Jean Dujardin and Bérénice Bejo delight in the light, frothy, charming Best Picture winner The Artist
Director: Michel Hazanavicius
Cast: Jean Dujardin (George Valentin), Bérénice Bejo (Peppy Miller), John Goodman (Al Zimmer), James Cromwell (Clifton), Missi Pyle (Constance), Penelope Ann Miller (Doris Valentin), Malcolm McDowell (Butler)
In 1920s Hollywood George Valentin (Jean Dujardin) is King of the Silver Screen. Why would he want anything to change? Surely these ‘Talkies’ are just a passing fad, right? Ooops. Before he knows what has happened, Valentin has gone from top of the world to the very bottom, left behind (like so many real-life silent stars) by change. Meanwhile, Peppy Miller (Bérénice Bejo), the young extra from his glory days whom Valentin briefly mentored, become a star of the Talkies. But Peppy still loves Valentin – and maybe he loves her – even while Hollywood pulls them apart.
Plot-wise, The Artist is pretty conventional. What really makes it stand out is that it’s a silent film about silent film. Perhaps that’s why the whole world went gaga for it (gifting it five Oscars, including wins for Hazanavicius, Dujardin and the Big One) – it was a genuine burst of nostalgia-tinged novelty. Everything old is eventually new again: I remember the novelty myself – sitting in a cinema and suddenly, after the music stops, hearing nothing but silence. Match that with the undeniable charm and energy the story is told with and, boom, you had a hit.
Does The Artist survive repeated viewings? Just about – though it looks increasingly like a slight film, that raises warm feelings but makes little lasting impact (I was surprised how much of it I had forgotten). Hazanvicius’ study of silent cinema has clearly been thorough, and this is undeniably a wonderful love letter to Hollywood’s history. Every technical detail is carefully reproduced, and the pastiche Fairbanks-style adventure stories Valentin stars in is spot on. The actors fully embrace the slightly exaggerated mannerisms of silent acting, telegraphing emotions with urgency.
Hazanvicius uses sound, when it comes, brilliantly. The opening of the film is bathed in music as we watch the premiere of one of Valentin’s films – only for all the sound to drop out the second the film-within-a-film ends. (We even see a “Silence behind the screen” sign before it does). We only hear everyday sounds twice – once in a hilariously haunting dream of Valentin’s where objects make noise but he cannot – and at the end of the film as Valentin finally finds a place in Talking Hollywood. Other than that, it’s scores, speaking cards (some of them witty, like Valentin’s wife’s question “Why do you refuse to talk?”) and all the style of silent cinema.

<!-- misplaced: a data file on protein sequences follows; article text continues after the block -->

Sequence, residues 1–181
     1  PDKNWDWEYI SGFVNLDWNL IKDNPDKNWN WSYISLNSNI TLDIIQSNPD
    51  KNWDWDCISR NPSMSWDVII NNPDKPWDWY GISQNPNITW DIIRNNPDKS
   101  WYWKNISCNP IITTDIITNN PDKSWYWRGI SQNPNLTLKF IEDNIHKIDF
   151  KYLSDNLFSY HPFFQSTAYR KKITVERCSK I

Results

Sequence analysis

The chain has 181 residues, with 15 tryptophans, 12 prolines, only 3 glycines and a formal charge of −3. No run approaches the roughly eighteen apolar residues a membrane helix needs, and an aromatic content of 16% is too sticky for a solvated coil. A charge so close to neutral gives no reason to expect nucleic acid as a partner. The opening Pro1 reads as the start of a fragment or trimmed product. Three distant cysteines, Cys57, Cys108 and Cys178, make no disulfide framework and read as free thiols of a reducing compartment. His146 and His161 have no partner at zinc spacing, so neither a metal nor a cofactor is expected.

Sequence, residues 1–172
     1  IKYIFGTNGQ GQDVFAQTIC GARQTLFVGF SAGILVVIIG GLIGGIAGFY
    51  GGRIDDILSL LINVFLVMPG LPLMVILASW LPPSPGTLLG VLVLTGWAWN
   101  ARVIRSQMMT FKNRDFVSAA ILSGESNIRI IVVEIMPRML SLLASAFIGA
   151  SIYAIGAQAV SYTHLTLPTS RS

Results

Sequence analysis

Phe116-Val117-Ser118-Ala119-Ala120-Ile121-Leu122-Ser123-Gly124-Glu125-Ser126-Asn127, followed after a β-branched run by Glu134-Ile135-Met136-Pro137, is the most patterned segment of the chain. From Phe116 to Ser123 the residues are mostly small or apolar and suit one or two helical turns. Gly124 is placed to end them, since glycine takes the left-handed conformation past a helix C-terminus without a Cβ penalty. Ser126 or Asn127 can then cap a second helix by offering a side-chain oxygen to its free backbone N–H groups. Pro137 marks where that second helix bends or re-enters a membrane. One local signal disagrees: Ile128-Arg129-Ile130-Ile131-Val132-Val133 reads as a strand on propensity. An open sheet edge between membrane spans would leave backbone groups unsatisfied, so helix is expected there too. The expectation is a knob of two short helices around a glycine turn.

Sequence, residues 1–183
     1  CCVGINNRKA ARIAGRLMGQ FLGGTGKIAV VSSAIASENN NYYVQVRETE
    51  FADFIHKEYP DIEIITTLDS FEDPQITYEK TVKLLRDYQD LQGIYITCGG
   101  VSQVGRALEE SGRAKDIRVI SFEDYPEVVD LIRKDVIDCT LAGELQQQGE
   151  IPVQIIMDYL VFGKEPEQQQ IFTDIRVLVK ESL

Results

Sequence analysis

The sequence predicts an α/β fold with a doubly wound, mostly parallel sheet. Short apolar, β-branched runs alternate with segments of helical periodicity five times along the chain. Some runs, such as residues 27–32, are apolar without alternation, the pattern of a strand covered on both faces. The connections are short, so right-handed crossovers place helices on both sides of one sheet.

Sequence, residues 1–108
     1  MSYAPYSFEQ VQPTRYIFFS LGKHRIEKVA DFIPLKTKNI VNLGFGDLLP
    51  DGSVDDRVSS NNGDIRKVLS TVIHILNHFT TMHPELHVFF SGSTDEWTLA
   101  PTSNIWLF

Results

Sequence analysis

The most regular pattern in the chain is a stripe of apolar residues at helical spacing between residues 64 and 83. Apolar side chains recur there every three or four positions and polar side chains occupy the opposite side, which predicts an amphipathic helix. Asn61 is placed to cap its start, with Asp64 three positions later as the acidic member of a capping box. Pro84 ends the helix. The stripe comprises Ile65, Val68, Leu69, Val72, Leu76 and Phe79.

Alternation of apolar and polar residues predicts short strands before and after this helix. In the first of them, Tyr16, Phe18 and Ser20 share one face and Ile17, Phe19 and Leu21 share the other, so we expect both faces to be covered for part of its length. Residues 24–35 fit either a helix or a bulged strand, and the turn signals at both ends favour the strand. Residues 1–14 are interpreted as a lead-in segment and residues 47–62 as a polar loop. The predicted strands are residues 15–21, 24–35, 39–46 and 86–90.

It’s a sweet and gentle film. There is no trace of the ruthless business Hollywood is, and not a trace of the darkness that touched many of this era. There is never any prospect of Valentin turning into, say, Sunset Boulevard’s Norma Desmond or any of the other washed-up waxworks in her house of broken dreams. Valentin loses everything, but remains a generous and decent guy, firing the loyal chauffer he hasn’t paid in a year (and giving him his car for free!) because otherwise he’ll never leave him. And of course, his dog loves him, so he must be a great guy. (The dog by the way was the break-out star, this charming, brave canine even getting a campaign for best supporting actor).
The film centres a love story between Valentin and Peppy. The two of them have an instant connection – but Valentin is the star, with Peppy the ingenue. This bond can survive nearly everything, even while Valentin resents her success. Hazanavicius manages to make this very sweet, even though Peppy is sometimes tediously saintly in her devotion. Valentin may have mixed feelings about his protégé – but in a housefire, the only thing he saves is footage of the two of them messing around in outtakes from one of his old films.
The film seems unbothered as well by the fact that Valentin is married. The wife (a thankless role for Penelope Ann Miller) doesn’t get a name, let alone any sense of a personality other than (it seems) being some sort of shrew.
You could also see Peppy, if you wanted to be uncharitable, as a bit of a stalker. She buys up (by proxy) all of Valentin’s goods when he goes broke, practically abducts him from the hospital after he is caught in a fire, hires his staff. Tip your head to one side and you can see her boiling a few bunnies. The Artist though sees her as more of a “Guardian Angel” (as per the title of one of Peppy’s movies) – and you can argue that there is something old-fashioned (not always in a good way) about a film where the female lead defines her success only by how it can help the man she loves.
The tinge of creepy to the Valentin-Peppy relationship isn’t helped by using a huge chunk of the Bernard Herrmann Vertigo score to underscore the film’s conclusion, not to mention the left-field melodrama of Peppy racing across town to prevent Valentin from committing suicide (motivated it seems by realising Peppy is his Guardian Angel). It’s an odd mis-step – and the sequence not only feels radically different from the rest of the film, it also seems to heavy for such a light confection.
But, negatives aside, it’s a decent little film. Jean Dujardin is the epitome of charm and old-school Hollywood wit as Valentin – it’s a master-class in physicality and he oozes matinee idol cool, and a certain boyishness. Bejo is very good as the well-meaning, kindly Peppy. The film is a puff of air, and once you get over the novelty, you’ll be amazed how little there is to it. But it’s told with such energy, charm and nostalgic wit (and ends with a lovely dance routine) as well as affectionate nods to old-school Hollywood, you won’t mind too much, even if you’re surprised it won as many awards as it did.